Kaholee Refit | September 11, 2007

Today was a holey day.  With Allen on site,  it seemed a good opportunity to locate many of the final items in the cockpit and on deck, such as the new Raymarine instruments, connections for shore power and water, deck fills, and engine controls.

I began with the four large (3.5") holes required to mount the Raymarine ST-60 instrument suite--knotmeter, depthsounder, wind instruments, and autopilot.  I had previously purchased a new carbide-tipped hole saw for this very task, and after carefully laying out the instruments using the supplied templates, I prepared to cut these holes.  The task turned out to be far more challenging than I had anticipated, as the very new and very sharp hole saw tended to grab the relatively thin fiberglass of the cabin trunk bulkhead and stop, forcing the drill--and the operator's wrists--to twist rather violently around.  I soon traded my normal cordless drill for a large right-angle monster to provide me with a better grip, and took the remaining cutting very slowly, eventually working from both sides of the cabin trunk.

The end result was damage-free and agreeable, but I was surprised at how long it took to actually get all of these large holes cut.  Afterwards, I reamed the holes out slightly with a drum sander in my drill (the holes require a 90mm bit, which was not readily available; the 3.5" bit I purchased was actually 89mm) and then installed the new instruments with the supplied hardware.  These instruments represent a very nice little package that we will eventually interface (using the Raymarine SeaTalk protocol) with the other electronics being installed.  Much more to come on this in the coming weeks.


Along with his input on orientation and location of the various holes, I put Allen to work behind the wheel of the shopvac, a task he turned to with vigor.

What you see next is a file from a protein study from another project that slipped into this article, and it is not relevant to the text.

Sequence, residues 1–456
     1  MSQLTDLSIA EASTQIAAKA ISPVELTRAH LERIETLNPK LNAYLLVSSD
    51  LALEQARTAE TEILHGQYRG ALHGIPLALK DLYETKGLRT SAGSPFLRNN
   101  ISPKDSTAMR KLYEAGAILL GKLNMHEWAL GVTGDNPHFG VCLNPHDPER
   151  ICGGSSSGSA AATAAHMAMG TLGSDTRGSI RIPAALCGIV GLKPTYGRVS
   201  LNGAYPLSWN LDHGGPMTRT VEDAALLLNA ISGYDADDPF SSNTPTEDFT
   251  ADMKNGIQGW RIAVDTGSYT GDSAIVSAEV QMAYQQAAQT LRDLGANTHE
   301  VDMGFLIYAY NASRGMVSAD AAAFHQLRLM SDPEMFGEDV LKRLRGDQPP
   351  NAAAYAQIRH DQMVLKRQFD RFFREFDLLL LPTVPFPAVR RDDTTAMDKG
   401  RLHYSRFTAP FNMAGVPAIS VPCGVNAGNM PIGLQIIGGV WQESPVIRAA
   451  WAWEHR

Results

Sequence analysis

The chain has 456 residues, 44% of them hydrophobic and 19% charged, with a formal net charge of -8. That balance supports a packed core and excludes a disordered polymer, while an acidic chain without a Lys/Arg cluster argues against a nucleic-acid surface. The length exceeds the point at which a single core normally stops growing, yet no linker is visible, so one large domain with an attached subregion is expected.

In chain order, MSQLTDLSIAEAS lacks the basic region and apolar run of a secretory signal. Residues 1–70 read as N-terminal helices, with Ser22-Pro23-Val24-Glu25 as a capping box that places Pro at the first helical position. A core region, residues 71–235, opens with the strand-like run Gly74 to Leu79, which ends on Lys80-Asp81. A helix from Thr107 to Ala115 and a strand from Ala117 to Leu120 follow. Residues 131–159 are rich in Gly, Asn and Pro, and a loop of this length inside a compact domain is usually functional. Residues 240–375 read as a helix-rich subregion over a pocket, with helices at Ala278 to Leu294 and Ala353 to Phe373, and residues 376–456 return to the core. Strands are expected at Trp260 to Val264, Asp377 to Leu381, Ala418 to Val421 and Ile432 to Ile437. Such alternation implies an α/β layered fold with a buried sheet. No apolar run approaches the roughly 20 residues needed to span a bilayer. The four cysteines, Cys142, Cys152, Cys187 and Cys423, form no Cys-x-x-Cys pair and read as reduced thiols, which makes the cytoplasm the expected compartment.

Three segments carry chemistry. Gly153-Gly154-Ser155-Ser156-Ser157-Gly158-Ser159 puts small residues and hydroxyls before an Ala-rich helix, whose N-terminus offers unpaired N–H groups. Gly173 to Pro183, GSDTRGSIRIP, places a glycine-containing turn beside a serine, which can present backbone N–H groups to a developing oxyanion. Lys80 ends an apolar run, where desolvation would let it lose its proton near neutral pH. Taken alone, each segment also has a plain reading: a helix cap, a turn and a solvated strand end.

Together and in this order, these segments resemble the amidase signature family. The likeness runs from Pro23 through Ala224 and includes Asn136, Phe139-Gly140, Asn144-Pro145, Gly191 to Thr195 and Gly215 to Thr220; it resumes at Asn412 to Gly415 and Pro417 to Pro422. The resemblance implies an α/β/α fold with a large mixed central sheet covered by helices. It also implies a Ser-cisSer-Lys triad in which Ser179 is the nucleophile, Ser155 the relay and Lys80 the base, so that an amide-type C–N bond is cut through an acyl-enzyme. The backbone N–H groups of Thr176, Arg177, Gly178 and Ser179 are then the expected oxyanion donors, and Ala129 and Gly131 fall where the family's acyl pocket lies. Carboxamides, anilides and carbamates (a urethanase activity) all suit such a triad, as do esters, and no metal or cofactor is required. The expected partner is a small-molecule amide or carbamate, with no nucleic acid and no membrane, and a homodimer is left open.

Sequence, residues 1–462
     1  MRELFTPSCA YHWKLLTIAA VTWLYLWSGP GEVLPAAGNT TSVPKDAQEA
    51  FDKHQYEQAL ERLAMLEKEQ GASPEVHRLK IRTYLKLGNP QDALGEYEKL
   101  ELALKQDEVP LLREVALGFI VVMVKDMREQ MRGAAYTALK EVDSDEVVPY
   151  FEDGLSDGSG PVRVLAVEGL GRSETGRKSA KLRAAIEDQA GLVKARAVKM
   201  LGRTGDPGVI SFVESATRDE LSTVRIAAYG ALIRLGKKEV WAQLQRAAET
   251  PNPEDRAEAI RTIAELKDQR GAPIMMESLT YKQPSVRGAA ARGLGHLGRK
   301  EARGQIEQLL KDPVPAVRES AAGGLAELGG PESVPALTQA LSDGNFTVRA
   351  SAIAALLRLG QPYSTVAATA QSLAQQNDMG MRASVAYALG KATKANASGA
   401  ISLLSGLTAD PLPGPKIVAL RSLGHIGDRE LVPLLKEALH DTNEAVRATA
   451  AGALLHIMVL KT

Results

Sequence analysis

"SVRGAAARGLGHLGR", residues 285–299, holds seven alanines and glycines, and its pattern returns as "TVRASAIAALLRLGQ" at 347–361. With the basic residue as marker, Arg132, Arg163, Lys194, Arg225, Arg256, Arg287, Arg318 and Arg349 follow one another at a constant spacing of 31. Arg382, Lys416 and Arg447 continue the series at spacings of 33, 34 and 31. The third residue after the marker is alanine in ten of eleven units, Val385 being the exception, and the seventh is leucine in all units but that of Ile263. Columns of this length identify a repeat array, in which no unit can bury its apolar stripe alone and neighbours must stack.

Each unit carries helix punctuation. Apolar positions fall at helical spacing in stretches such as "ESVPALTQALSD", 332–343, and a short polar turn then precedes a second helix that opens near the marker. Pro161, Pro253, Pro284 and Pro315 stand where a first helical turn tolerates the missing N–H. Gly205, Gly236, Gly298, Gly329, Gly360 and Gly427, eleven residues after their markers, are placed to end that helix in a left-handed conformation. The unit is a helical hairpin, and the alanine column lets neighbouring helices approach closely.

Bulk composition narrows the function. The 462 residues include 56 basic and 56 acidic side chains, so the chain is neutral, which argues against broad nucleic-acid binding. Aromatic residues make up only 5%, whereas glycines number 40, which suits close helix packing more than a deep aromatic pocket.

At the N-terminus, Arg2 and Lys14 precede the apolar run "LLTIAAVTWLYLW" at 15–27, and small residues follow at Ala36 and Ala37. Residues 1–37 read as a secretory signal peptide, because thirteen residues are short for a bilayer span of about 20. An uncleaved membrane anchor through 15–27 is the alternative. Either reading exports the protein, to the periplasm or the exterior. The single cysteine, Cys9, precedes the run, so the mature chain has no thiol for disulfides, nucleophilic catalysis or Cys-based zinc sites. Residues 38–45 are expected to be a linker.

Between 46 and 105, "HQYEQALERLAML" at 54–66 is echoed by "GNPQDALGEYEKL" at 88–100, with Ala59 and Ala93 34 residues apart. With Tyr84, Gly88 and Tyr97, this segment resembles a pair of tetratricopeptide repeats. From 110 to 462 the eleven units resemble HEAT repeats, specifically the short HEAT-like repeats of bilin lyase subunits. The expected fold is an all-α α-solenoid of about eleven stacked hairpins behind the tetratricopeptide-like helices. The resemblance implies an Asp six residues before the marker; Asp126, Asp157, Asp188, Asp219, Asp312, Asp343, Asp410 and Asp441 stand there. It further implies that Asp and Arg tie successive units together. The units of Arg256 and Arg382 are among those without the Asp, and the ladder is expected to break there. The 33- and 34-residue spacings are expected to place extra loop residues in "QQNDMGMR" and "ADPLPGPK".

After a break for an appointment with Richard Hallett, who came up to discuss the new dodger, bimini, and other canvas products that we needed to get underway immediately, we returned to the hole cutting operations.  During the course of the afternoon, we located and drilled holes in the cockpit for the 120V shore power inlet receptacle, a city water inlet and regulator, and the control plug for the Standard Horizon RAM microphone system for the VHF. 


I also spent quite a bit of time preparing for--and then finally locating and cutting--the hole for the new Vetus (Model information:  "SISCO"; supplier:  Defender) single lever engine controls.  With the long supporting structure in the back of the controls (required for cable support and attachment), I wanted to ensure that the controls and cables could be installed without interference from other items within the cockpit locker.  To that end, I eventually located the controls where the supporting structure could extend either downwards or aft, allowing for options in the eventual installation.  I also located the controls far enough aft to prevent interference between the shift lever and the cockpit well.

I used the supplied template to locate the opening, and then drilled four 2" holes (one at each corner) and connected the four holes with straight cuts to create the opening.  I test-fit the controls, but did not install them at this time.


Finally, we located and drilled three large holes in the deck for the remaining deck plates:  two water fills forward and the holding tank pumpout fitting amidships.

Total Time on This Job Today: 8 hours

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